While researching today's column, I came across a 2010 report (PDF) from the National Taxpayers Union that summarizes various experiments showing that professional tax preparers disagree about the proper way to file returns for hypothetical families. Worse, the people conducting the experiments—including the Government Accountability Office, which consulted with experts at the Joint Committee on Taxation—could not definitively say who was right and who was wrong. The report describes a 1998 study by Money magazine:
All 46 tested tax professionals got a different answer, and none got it right. The professional who directed the test admitted "that his computation is not the only possible correct answer" since the tax law is so murky. The tax computed by these professionals "ranged from $34,240 to $68,912." The closest answer still erred in the government's favor by $610.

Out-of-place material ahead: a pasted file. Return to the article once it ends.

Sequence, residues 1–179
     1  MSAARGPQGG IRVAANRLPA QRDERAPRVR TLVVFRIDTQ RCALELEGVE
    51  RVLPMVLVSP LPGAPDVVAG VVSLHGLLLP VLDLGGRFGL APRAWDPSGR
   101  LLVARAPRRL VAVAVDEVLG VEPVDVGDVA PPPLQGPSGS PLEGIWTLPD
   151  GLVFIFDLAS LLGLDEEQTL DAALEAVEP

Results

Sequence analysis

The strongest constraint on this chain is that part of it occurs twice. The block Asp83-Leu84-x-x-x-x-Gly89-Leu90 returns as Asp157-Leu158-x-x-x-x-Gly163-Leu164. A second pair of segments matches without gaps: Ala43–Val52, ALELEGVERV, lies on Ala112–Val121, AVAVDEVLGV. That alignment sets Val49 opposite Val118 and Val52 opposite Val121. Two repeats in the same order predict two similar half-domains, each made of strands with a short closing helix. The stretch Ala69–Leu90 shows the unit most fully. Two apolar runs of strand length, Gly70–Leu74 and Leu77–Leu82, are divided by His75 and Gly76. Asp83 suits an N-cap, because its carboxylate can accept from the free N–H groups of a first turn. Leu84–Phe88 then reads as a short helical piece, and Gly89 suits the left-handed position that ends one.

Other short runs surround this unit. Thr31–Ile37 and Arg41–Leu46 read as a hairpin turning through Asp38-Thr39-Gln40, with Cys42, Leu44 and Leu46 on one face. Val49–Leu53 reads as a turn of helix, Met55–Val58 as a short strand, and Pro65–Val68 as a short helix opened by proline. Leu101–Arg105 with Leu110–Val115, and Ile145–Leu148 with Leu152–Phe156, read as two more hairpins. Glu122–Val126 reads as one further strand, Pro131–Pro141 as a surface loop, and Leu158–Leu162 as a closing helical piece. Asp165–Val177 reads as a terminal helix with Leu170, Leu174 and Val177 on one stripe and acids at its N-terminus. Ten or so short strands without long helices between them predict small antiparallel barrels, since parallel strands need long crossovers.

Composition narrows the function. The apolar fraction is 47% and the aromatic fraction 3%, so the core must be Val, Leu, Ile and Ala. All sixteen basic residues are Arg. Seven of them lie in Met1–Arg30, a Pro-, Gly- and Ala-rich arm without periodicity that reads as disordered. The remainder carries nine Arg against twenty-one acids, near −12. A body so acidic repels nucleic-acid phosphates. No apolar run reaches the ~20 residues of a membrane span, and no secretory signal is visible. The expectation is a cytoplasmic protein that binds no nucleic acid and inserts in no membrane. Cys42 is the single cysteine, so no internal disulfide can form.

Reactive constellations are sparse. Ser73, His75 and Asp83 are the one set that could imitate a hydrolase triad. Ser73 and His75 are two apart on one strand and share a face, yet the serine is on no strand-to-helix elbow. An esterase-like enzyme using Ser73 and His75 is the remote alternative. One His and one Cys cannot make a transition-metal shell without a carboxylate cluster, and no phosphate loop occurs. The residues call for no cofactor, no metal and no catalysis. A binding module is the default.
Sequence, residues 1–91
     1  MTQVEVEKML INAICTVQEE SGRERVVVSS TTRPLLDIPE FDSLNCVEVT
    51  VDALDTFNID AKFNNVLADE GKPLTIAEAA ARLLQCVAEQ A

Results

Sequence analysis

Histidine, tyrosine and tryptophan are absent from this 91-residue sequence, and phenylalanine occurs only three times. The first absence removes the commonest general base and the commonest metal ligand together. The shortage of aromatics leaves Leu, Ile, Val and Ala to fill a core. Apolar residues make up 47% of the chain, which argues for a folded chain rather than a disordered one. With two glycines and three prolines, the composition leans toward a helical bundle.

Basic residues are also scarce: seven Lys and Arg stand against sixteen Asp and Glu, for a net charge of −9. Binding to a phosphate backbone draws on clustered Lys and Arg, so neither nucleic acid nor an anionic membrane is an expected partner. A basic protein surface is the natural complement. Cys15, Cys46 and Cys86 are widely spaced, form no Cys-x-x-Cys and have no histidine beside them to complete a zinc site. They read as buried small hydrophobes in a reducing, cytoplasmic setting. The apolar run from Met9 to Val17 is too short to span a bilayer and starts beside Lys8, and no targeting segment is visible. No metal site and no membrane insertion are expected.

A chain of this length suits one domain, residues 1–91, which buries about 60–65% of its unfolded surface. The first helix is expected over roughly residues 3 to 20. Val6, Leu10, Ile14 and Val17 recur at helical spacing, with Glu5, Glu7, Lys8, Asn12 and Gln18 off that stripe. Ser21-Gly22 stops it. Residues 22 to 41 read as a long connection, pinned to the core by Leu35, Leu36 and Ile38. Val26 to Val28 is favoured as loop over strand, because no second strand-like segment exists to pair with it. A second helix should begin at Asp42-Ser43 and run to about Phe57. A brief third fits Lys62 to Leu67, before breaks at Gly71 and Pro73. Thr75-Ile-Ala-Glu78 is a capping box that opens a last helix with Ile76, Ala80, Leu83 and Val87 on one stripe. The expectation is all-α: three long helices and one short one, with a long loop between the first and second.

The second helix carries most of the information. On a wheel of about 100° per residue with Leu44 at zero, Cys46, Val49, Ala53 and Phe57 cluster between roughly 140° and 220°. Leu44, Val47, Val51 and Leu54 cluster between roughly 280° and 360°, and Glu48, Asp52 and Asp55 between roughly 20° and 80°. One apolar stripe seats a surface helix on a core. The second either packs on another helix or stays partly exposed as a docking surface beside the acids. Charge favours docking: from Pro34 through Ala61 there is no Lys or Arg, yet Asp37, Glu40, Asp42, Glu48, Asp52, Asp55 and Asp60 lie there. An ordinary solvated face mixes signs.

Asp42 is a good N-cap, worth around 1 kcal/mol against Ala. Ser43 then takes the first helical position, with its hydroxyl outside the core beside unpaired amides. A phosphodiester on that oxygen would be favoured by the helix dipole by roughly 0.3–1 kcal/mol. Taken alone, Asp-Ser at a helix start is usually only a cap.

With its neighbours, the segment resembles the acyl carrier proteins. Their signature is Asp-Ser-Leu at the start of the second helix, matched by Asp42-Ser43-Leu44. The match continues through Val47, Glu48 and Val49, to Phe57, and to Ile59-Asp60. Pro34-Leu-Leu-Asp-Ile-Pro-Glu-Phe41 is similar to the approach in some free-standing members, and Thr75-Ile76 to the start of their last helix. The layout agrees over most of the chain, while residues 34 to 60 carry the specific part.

Discrepancies also show up in returns completed on different tax preparation sites. "As the Tax Code turns ever more unwieldy," USA Today noted in 2007, "deciphering it has become more art than science."
As I argued in a 2006 column, this indeterminacy undermines the rule of law. Since it is so hard to know when you are complying with the law and when you aren't, even the most conscientious taxpayer cannot contemplate an audit with equanimity. Odds are you've done something wrong, even if you don't know what it is.